Just talking about a theoretical shopping trip gets Stone excited to cook. It’s as if he’s going to jump up and make dinner at that very moment. “I started my journey as a cook because I loved food,” says Stone. “It gives me everything I’ve got.
“I think I have a great job,” he says, laughing. But it wasn’t always easy for him to charm strangers in grocery stores, especially when he first started shooting the show. “I’m a fairly shy person,” says Stone. “I found it a bit tough to have to walk up to a complete stranger every single day, in a brand-new country where I had no idea about the culture.”
What a difference a year makes.
Curtis Stone’s recipe for Homemade Waffles with Caramelized Apples and Vanilla Ice Cream
Serves 4 to 6
To caramelize the apples:
3/4 cup/168 g sugar
1 vanilla bean, split lengthwise
1/2 cup (1 stick)/113 g unsalted butter
6 Pink Lady apples (about 2 1/2 pounds/1.1 kg), cored and each cut into eight 1-inch-wide wedges
1/2 cup/65 g raisins
1/4 cup/55 g heavy whipping cream
For the waffles:
1 1/2 cups/245 g all purpose flour
3 tablespoons/42 g sugar
2 1/4 teaspoons/about 5 g baking powder
3/4 teaspoon/about 3 g baking soda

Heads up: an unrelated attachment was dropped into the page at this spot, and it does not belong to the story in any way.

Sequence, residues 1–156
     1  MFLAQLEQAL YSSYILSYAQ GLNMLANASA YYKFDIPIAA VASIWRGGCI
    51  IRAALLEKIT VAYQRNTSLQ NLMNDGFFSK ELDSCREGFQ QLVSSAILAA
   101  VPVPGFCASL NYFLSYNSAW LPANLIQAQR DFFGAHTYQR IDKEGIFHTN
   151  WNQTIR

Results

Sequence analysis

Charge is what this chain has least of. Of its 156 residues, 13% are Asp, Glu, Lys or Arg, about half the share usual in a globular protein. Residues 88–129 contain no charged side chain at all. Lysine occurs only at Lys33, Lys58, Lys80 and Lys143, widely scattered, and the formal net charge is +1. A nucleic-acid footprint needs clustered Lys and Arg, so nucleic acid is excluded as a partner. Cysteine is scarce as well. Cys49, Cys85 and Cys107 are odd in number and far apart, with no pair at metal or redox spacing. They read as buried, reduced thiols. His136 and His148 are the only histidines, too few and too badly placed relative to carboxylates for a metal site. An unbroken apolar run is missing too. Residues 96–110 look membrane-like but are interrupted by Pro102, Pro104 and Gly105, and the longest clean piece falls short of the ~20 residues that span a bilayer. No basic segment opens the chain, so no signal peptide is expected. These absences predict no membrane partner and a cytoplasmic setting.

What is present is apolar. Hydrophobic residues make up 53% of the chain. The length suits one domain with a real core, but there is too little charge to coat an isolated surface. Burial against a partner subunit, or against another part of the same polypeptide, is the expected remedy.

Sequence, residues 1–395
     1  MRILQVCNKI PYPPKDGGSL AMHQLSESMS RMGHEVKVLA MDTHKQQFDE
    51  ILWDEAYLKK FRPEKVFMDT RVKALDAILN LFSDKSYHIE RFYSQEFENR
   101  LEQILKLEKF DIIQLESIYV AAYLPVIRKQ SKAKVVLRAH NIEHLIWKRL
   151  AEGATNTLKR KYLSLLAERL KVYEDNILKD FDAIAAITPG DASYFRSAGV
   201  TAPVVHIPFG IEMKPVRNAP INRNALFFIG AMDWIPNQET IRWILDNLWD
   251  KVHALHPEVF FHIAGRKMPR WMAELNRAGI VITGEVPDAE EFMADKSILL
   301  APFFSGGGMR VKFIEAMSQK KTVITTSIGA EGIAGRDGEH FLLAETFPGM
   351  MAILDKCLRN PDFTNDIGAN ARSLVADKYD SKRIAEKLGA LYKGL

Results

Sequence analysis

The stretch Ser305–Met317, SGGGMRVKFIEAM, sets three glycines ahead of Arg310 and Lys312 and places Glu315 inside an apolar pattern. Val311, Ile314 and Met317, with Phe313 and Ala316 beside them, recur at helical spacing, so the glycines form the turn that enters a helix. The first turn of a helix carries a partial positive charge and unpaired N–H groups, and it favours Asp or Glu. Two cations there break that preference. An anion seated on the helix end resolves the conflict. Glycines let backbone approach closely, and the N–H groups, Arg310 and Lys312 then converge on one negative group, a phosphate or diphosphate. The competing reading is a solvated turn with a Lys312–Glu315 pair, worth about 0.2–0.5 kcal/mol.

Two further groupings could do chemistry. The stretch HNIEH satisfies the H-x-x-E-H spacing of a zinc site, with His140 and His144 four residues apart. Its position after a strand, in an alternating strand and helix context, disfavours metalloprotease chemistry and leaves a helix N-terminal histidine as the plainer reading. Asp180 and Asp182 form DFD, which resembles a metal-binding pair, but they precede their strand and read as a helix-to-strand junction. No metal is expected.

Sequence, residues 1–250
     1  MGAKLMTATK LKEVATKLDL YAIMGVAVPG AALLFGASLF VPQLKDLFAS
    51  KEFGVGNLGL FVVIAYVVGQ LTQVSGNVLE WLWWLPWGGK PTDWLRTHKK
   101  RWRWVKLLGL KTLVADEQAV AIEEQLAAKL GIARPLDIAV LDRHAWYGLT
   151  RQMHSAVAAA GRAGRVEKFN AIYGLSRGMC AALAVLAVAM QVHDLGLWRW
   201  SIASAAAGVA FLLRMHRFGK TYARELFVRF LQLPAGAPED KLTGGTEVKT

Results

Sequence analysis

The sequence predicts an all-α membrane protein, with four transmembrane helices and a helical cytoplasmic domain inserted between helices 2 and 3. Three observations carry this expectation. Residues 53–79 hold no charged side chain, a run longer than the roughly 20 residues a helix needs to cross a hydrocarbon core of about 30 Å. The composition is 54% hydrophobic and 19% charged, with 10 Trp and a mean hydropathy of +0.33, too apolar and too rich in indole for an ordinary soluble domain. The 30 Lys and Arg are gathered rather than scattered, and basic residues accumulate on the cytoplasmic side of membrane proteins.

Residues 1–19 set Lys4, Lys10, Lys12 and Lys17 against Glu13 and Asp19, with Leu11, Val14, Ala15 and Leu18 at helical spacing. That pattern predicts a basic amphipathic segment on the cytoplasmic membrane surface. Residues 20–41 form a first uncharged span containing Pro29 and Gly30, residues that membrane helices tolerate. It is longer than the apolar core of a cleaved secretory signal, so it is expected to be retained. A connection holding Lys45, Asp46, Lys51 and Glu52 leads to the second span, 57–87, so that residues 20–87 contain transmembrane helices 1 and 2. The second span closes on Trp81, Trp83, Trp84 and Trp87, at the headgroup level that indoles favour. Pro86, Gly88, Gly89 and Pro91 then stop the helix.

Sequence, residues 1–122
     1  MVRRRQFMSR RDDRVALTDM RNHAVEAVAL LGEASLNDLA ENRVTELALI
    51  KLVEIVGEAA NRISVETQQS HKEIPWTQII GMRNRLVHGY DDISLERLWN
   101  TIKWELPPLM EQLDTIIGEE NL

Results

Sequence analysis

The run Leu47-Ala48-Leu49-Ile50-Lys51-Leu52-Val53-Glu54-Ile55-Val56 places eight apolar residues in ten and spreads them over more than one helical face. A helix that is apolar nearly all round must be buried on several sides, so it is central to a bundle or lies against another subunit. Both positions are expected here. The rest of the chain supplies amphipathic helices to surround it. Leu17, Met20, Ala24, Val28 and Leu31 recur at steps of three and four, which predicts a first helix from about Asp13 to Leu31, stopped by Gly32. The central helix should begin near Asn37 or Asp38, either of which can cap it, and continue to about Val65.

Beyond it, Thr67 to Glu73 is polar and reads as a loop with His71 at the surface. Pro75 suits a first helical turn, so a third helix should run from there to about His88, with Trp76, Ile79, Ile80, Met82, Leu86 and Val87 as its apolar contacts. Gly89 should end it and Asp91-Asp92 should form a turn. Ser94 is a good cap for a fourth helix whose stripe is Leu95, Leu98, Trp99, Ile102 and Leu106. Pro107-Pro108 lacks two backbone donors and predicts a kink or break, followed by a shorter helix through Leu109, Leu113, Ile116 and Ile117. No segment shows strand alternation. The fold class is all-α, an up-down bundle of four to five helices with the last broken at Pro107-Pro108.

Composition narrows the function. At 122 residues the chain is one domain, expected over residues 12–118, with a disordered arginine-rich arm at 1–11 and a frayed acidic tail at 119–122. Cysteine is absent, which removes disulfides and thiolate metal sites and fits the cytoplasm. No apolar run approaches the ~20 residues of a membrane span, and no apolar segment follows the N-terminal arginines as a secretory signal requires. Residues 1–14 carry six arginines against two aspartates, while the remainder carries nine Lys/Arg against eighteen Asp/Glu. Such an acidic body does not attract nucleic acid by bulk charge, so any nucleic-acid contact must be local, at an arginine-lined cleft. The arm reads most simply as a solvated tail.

3/4 teaspoon/about 4 g salt
1 1/2 cups/360 ml whole milk
1 large egg
3 tablespoons (1/4 stick)/40 g melted unsalted butter
Nonstick cooking spray
1 1/2 pints/710 ml vanilla ice cream
To caramelize the apples and raisins:
Place a large heavy frying pan over medium heat. Add the sugar. Using a small sharp knife, scrape the seeds from the vanilla bean into the sugar and add the bean. Cook for 2 minutes, or until the sugar dissolves. Stir in the butter. Add the apples and toss to coat.
Cook, stirring occasionally, for 5 minutes, or until the apples begin to soften and release their juice Stir in the raisins. Continue to cook, gently tossing the apples occasionally, for 5 minutes, or until the apples are tender but still hold their shape and the caramel sauce forms. Stir in the cream.
To make the waffles:
Meanwhile, preheat the Belgian waffle iron. Preheat the oven to 200¡F/93¡C. Sift the flour, sugar, baking powder, baking soda and salt into a bowl. In a separated bowl, whisk the milk, egg and melted butter to blend. Add the milk mixture into the dry ingredients, whisking constantly to avoid lumps.
Ladle about 1/2 cup/105 ml of the waffle batter onto each of the two 4 1/2-inch-/11-cm-square grids or about 3/4 cup/155 ml over a 7-inch-/18-cm-diameter grid on the waffle iron. Cover and cook for 5 to 8 minutes, depending on your iron (most new irons have a timer), or until the waffle is golden and crisp on the outside and cooked through. Transfer the waffles to the oven tray and keep them warm in the oven, while cooking the remaining waffles.
Cut the square waffles diagonally in half or cut the round waffles into 4 wedges. Place two hot waffles triangles or wedges on each plate. Spoon the caramelized apple mixture over the waffles. Scoop the ice cream atop and serve immediately.